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What are the 12 KEY MOTIVATORS?

Motivators provide information on what drives people or why they do what they do. We will be exploring what motivates people and what drives them to action. By recognizing that each motivator can be placed on a continuum, we are pro-vided a wide range of perspectives for that motivator. Fulfill-ing motivational needs leads to engagement and satisfaction in both personal and professional lives.

Knowledge

When it comes to Knowledge, defined as a passion to discover, systemize and analyze; a search for information, a person is moreā€¦

Instinctive
People who are driven by utilizing past experiences, intuition and seeking specific knowledge when necessary.

Intellectual
People who are driven by opportunities to learn, acquire knowledge and the discovery of truth.

Utility

When it comes to Utility, defined as a passion to gain return on all investments of time, talent and resources, a person is moreā€¦

SelflessĀ 
People who are driven by completing tasks for the sake of completion, with little expectation of personal return.

Resourceful
People who are driven by practical results, maximizing both efficiency and returns for their investments of time, talent, energy and resources.

Surroundings

When it comes to Surroundings, defined as a passion to add balance and harmony in oneā€™s own life and protect our natural resources, a person is moreā€¦

Objective
People who are driven by the functionality and objectivity of their surroundings.

Harmonious
People who are driven by the experience, subjective viewpoints and balance in their surroundings.

Others

When it comes to Others, defined as a passion to eliminate hate and conflict in the world and to assist others,

a person is moreā€¦

Intentional
People who are driven to assist others for a specific purpose, not just for the sake of being helpful or supportive.

Altruistic
People who are driven to assist others for the satisfaction of
Ā being helpful or supportive.

Power

When it comes to Power, defined as a passion to achieve position and to use that position to influence others,Ā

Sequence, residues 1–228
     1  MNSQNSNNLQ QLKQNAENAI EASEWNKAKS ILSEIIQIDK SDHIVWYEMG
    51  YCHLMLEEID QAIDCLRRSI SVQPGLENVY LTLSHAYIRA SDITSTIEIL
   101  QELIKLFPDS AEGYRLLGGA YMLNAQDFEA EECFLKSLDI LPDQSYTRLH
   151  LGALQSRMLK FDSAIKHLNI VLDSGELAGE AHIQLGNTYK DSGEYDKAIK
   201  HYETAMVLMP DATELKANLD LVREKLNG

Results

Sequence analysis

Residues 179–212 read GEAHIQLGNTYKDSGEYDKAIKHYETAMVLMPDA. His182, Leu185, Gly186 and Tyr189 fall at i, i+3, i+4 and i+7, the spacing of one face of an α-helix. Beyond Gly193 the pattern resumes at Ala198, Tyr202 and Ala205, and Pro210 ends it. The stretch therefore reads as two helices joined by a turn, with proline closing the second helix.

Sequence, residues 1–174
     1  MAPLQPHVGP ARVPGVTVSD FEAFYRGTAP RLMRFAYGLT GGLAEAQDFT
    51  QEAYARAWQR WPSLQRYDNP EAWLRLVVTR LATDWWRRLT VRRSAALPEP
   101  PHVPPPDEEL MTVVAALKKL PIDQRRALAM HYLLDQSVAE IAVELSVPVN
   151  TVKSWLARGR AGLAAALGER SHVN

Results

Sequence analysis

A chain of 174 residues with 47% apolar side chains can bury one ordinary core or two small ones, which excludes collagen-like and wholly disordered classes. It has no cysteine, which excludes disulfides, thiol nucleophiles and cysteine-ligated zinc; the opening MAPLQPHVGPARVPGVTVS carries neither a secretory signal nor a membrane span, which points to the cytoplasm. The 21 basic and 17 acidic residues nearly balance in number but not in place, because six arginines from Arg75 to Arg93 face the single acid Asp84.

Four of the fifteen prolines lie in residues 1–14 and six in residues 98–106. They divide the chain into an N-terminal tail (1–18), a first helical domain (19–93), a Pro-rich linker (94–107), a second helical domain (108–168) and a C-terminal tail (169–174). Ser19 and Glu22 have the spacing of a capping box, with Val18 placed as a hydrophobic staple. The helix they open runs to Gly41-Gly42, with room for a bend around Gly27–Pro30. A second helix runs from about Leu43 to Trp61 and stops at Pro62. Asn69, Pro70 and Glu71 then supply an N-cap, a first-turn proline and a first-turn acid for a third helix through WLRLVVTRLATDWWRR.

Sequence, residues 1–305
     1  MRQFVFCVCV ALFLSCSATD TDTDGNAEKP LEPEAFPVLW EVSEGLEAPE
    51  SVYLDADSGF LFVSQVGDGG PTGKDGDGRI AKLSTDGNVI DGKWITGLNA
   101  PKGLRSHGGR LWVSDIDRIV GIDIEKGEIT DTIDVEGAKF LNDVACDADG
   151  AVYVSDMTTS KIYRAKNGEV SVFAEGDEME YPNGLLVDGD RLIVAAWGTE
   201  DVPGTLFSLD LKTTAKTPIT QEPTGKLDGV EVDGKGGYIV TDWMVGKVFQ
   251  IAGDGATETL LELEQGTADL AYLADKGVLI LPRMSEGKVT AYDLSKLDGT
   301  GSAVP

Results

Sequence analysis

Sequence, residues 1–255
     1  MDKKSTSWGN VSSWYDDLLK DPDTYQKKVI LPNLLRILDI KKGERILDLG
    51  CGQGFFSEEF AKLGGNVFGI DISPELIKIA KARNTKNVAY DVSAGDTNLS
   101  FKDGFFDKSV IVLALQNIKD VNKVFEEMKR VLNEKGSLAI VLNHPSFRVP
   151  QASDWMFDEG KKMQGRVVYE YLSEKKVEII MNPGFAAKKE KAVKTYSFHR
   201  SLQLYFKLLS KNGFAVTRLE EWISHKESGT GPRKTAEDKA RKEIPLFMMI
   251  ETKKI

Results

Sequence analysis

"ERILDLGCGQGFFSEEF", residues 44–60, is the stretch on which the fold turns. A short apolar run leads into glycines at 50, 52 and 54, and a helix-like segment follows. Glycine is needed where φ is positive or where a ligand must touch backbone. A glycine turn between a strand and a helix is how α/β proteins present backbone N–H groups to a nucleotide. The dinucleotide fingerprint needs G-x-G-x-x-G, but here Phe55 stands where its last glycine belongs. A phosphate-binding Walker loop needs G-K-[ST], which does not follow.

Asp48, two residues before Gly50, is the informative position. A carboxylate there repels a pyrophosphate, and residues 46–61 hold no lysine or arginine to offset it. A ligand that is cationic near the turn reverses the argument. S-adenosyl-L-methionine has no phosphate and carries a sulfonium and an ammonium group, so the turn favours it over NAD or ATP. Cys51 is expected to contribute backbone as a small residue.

a person is moreā€¦

Collaborative
People who are driven by being in a supporting role and contributing with little need for individual recognition.

Commanding
People who are driven by status, recognition and control over personal freedom.

Methodologies

When it comes to Methodologies, defined as a passion to pursue the higher meaning in life through a defined system for living,

a person is moreā€¦

Receptive
People who are driven by new ideas, methods and opportunities that fall outside a defined system for living.

Structured
People who are driven by traditional approaches, proven methods and a defined system for living.

What are my Motivators?

The History

Ā 

The Start.

Since the beginning of time, every human has developed motivators. The earliest human motivators were probably focused on surviving or fulfilling primary needs, as described by Maslow. There is not much literature discussing motivators prior to the 1800s. The philosophers predating the 19th Century laid the background for the whole field of psychology, which is less than 200 years old. So much of the study of motivationĀ is fairly recent, and we really didnā€™t start considering motiva-tors until Eduard Spranger wrote the book, ā€œTypes of Menā€in 1928.

Coincidentally this is the same year that Marston wrote ā€œEmotions of Normal Peopleā€ presenting the DISCbehavioral theory.

Sprangerā€™s original names for the six categories of motivation were:

Ā 

  • Theoretical
  • Social
  • Economic
  • Political
  • Aesthetic
  • Religious

Expansion of 12 Key Motivators

In 2011, TTI SI embarked on a new assessment validation research agenda by incorporating the study of real time decision-making brain pathways, using state-of-the-art Electroencephalography (EEG) with S-LORETA imaging. This work yielded yet another patent, ā€œValidating Emotionally Charged Ipsative Assessments using Prefrontal Cortex EEG Asymmetry,ā€ Patent No. 9,060,702. In the process of both the research and a massive review of literature on frontal lobe asymmetry, it was discovered that our response to aversion, or what we do not like, actually evokes a stronger response. This insight is already fundamental to our behavioral assessment, which assesses and reports both your likes and dislikes, but what if we were to apply the same paradigm to motivators? A flurry of analysis by our research team not only documented this bidirectional response to the original six motivators, but also led us to revisit Spranger with a new goal of discovering if we had not fully considered this opposing viewpoint. And there it was! Spranger not only discusses the qualities of the six motivators, but also addresses the implications of how the focus of that motivator was valued along a continuum, thus revealing 12 Driving Forcesā„¢.